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One for Rushton: Twinning in Africa
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Gebremedhin, Samson. 2015. “Multiple Births in Sub-Saharan Africa: Epidemiology, Postnatal Survival, and Growth Pattern.Twin Research and Human Genetics: The Official Journal of the International Society for Twin Studies 18 (1): 100–107.

The rate of multiple births in Sub-Saharan Africa is 1.7x that of European levels (h/t Emil Kirkegaard):

The multiple birth rate in SSA (17/1,000 births) appears to be higher compared to the level in other developing countries where the magnitude is unlikely to be affected by ART. A study reported that in many South and South-East Asian countries, including China, India, Indonesia, and Pakistan, the twinning rates remains below 10/1,000 births; likewise, the incidence in Latin American countries is similarly low (less than 9/1,000 births; Smits & Monden, 2011). The rate is also higher than the 1980s pre-ART multiple birth incidence in England and Wales (9.6/1,000 births) and several other West European countries (less than 10/1,000 births; Pison & D’Addato, 2006).

Multiple birth rates appear to vary substantially across the 25 countries included in the study. In general, the rate was higher in Central and West Africa countries and lower in Eastern and Southern Africa countries. The lowest (12/1,000 births) and highest (25/1,000 births) figures were reported in Ethiopia and Benin, respectively. The disparity can be likely due to genetic differences as variations in risk factors of multiple pregnancy (e.g., age and parity) across the countries are unlikely to be substantial.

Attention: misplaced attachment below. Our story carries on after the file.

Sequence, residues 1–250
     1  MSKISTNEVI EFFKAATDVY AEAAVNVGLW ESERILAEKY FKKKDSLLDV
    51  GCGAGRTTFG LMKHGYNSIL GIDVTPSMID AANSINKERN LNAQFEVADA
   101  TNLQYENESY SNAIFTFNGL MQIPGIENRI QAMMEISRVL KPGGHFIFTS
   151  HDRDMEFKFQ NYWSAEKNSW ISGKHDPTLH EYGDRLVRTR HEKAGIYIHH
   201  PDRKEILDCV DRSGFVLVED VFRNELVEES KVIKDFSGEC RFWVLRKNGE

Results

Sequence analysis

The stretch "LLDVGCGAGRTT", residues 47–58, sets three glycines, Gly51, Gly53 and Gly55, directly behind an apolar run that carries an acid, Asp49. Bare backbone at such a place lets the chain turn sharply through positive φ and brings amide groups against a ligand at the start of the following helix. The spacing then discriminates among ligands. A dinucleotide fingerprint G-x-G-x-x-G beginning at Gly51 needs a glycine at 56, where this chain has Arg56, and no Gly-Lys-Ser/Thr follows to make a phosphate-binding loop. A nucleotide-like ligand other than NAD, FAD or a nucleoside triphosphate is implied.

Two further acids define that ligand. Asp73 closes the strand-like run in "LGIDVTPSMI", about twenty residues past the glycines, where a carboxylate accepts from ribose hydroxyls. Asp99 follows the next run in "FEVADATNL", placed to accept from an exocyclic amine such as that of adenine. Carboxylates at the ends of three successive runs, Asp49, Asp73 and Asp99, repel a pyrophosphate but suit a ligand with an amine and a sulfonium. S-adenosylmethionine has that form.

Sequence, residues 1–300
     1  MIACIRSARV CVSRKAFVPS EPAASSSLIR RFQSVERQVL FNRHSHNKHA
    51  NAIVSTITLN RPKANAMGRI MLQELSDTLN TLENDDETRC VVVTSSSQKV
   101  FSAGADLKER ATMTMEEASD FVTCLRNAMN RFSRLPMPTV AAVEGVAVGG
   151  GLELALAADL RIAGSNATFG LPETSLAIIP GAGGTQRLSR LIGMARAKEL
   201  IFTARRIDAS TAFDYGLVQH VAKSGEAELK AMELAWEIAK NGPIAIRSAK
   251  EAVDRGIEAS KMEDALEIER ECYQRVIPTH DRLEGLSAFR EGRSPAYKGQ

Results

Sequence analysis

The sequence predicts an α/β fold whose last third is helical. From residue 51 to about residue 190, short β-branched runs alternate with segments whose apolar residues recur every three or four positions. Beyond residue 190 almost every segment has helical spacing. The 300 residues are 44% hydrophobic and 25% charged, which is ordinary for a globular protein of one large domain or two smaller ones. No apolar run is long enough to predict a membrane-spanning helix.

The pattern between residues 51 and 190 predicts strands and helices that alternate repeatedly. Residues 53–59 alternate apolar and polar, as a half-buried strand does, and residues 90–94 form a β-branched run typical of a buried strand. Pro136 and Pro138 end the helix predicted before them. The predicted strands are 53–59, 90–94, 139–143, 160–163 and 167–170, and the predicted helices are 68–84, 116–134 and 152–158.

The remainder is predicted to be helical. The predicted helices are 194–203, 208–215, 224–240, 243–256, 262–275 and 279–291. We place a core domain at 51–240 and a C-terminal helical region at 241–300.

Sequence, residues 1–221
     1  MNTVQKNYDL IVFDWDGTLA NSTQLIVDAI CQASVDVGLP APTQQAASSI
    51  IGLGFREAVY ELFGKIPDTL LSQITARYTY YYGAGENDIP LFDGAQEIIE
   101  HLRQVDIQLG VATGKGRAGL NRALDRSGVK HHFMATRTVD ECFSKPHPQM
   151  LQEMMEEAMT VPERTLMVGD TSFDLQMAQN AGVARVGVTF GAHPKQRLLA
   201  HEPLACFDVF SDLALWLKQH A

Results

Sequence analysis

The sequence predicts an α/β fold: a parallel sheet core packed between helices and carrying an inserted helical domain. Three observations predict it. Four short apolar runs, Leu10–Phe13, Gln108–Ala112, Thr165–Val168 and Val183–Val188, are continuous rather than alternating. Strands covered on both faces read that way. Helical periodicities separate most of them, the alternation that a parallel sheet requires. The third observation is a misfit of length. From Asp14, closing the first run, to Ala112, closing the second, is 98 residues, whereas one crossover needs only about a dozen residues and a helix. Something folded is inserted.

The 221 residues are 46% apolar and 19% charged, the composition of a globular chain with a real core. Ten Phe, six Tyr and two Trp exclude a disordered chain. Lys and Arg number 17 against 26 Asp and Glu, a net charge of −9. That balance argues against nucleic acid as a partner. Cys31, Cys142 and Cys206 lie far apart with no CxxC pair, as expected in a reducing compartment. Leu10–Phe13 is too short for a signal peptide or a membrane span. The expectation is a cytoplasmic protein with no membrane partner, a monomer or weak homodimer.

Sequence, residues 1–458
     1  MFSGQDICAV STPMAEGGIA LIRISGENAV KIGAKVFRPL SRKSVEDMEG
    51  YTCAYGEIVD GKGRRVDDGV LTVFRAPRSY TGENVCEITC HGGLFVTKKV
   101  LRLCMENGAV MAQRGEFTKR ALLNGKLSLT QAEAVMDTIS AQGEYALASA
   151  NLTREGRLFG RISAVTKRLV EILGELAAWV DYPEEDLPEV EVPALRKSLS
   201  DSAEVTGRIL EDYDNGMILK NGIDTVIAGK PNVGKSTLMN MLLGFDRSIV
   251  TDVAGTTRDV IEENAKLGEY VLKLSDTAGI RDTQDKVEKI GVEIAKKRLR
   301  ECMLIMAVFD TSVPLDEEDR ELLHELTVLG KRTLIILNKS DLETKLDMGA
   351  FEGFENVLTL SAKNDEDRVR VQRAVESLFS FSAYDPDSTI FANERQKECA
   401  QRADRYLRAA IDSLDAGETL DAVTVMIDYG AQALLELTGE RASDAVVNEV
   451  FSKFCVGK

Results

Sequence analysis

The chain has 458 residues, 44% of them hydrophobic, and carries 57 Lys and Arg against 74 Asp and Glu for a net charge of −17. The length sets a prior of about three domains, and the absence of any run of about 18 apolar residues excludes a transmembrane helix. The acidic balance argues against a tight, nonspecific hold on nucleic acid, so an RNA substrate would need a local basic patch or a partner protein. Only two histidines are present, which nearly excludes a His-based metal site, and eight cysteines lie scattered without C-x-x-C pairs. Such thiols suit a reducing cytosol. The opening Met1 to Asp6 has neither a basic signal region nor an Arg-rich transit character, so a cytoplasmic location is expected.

One more piece of evidence for J. Philippe Rushton’s theory of a Negroid < Caucasoid < Mongoloid hierarchy in r/K life history strategies, as having bigger broods is more r-selected.

I noticed that twinning rates seem to be lower in the higher quality Sub-Saharan African countries, e.g. Kenya (highest on SACMEQ), Ethiopia (most impressive history/successful current development), Rwanda (Paul Kagame).

And Ethiopia being lowest here is perhaps not surprising, given them being evolutionarily closer to Eurasians than West Africans and historical admixture with Arabs.

Quick correlations between the twinning rate and other measures:

  • HDI: 0.07
  • IQ (Lynn 2012): 0.54
  • IQ (Lynn 2012, but including countries without data given as neighbors’ average): 0.44
  • SACMEQ (international standard test, like PISA): 0.61

Not rigorous by any means, but there’s probably something here.

***

Data table

Twins (/1,000) SACMEQ IQ IQ (proj) HDI 2018
Angola 15.7 71 0.581
Benin 25.1 71 0.515
Burkina Faso 19.7 70 0.423
Burundi 13.0 72 0.417
Cameroon 21.4 64 0.556
Comoros 20.5 77 0.503
Congo-Brazzaville 20.2 73 0.606
Ethiopia 11.7 68.5 0.463
Gabon 21.3 69 0.702
Guinea 22.3 66.5 0.459
Ivory Coast 23.9 71 0.492
Kenya 13.3 562 74.5 0.590
Lesotha 15.7 448 66.5 0.520
Liberia 19.5 68 0.435
Madagascar 14.0 82 0.519
Malawi 23.1 434 60.1 0.477
Mozambique 19.1 530 69.5 0.437
Niger 17.7 70 0.354
Nigeria 17.6 71.2 0.532
Rwanda 14.9 76 0.524
Sao Tome & Principe 21.7 67 0.589
Senegal 20.6 70.5 0.505
Tanzania 16.9 517 73 0.538
Uganda 16.4 506 71.7 0.516
Zimbabwe 13.5 72.1 0.535

 

 
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  1. Please keep off topic posts to the current Open Thread.

    If you are new to my work, start here.

  2. Before someone mentions the Benin Bronzes, thats present day Nigeria.

  3. songbird says:

    I’ll bet these twinning rates are really secondary to some other characteristic, like gestation time.

    • Replies: @The Big Red Scary
  4. @songbird

    This calls to mind the classic example of Sewall Wright concerning guinea pigs: